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Short-Term and Long-Term Investments: Which Is Right For You?

Short-Term and Long-Term Investments: Which Is Right For You?

Investing your hard-earned cash is inherently risky. However, the risks you take vary depending on a variety of factors – one of the most prominent being the length of time you wish to keep your money out of your pocket and in the stock market.

Before you invest your money, you should know and understand the risks involved with both short- and long-term investments.

Capital Gains

Capital gains are simply the income you earn from an investment. You find it by subtracting the amount invested from the amount you ended up with. If you invest $500 and cash out $600, you’ve made $100 in capital gains. When calculating capital gains, you don’t take other factors – such as taxable income – into consideration just yet. However, it’s beneficial to have a good idea of where you will stand once you do factor in taxes.

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Short-Term

Short-term investments are those which last less than a single year. Because they last for a short period of time, they often won’t earn you too much money – unless you’re working with short-term, high-yield investments. In exchange for smaller rewards, though, short-term investments are usually much less risky. Short-term investments are usually finite in that investors will set a goal for how much they want to earn, and will “cash out” once they hit their goal.

The capital gains from short-term investments are lumped in with the investor’s regular income – no matter how large or small these gains may be. When it comes to paying income tax, the gains you’ve made on investments may drastically affect what tax bracket you land in, and how much you owe.

Long-Term

Long-term investments, by definition, are those which last for at least one year – and can stay open for as long as the investor chooses. Since long-term investments require leaving the money you invested out of your own pocket for longer periods of time, they’re much more risky than their short-term counterparts. You’ll also usually reinvest your capital gains into your long-term investments, as well. However, the gains you receive once you decide to sell tend to be much greater.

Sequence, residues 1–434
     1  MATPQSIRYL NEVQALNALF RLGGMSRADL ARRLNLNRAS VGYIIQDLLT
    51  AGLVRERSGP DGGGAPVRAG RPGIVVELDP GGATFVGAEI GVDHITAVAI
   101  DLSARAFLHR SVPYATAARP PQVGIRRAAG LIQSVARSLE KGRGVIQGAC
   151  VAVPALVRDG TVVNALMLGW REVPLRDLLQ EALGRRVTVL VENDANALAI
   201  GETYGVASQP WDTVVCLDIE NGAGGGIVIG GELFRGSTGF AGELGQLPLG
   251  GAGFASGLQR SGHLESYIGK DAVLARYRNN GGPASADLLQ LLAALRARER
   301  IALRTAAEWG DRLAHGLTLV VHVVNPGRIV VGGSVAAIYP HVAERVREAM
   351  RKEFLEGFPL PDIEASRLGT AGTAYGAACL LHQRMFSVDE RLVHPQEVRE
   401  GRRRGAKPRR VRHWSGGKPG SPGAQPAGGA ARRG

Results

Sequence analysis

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The capital gains from long-term investments stand alone as far as taxation is concerned. The money you make from them has no bearing whatsoever on your income tax.

Tax Rate

As previously mentioned, the amount you are taxed on investments depends on if you intend to invest for a short or long period of time. It’s incredibly important to keep this in mind when deciding how to invest your money, because the tax you’ll pay may drastically affect your bottom line, and making potentially large capital gains not worth the investment in the first place.

Short-Term

Because short-term investments are lumped in with the rest of the money you make in a year, there’s no specific tax rate for investments that last less than a year. However, the money you make on a short-term investment may actually end up costing you in the long run. For example, if you made $37,000 in 2016, your tax rate is 15% – owing roughly $5,550. However, if you make an extra $700 from a short-term investment, you’ll be pushed up into the 25% tax bracket – meaning you’ll owe $9,425. While a $700 up front gain might seem enticing, you’ll end up losing almost $3,500 in the process.

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Long-Term

On the other hand, since long-term investments aren’t lumped in with the rest of your income, it’s much easier to figure out how much you’ll owe in taxes on your capital gains. While the most you’ll pay is 20% of your investment capital, if you only make 15% profit on your investment, you won’t owe any tax at all. In exchange for a lower tax rate, though, you’ll be keeping your money “on the table” for a much longer period of time – meaning you’ll be risking it for longer.

Verdict

Short-Term

Short-term investments are good for a quick win, and allow you to take your money out immediately if you choose to do so. They’re the best option if you don’t want to become too involved with the market, and are positive you’ll quit as soon as you hit a specific dollar amount.

On the other hand, short-term investments may cause more harm than good if you’re on the cusp of a certain tax bracket. Unfortunately, this is considerably counterintuitive to the purpose of a short-term investment. Most newcomers to the stock market looking to make a “quick kill” are doing so because they need some extra income immediately, but the system is set up to discourage people from making such investments. If you’re going to make a short-term investment, make sure you have capital to invest that the gains you make are worth the extra taxes you’ll end up paying.

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Long-Term

Long-term investments have the potential to drastically increase your net worth, as long as you’re patient. If you keep your investment open for longer than a year, you won’t have to worry about being bumped up into a tax bracket that you can’t afford to be in. Additionally, if you happen to lose any of your capital over the course of your investment, you may be able to claim these losses come tax season.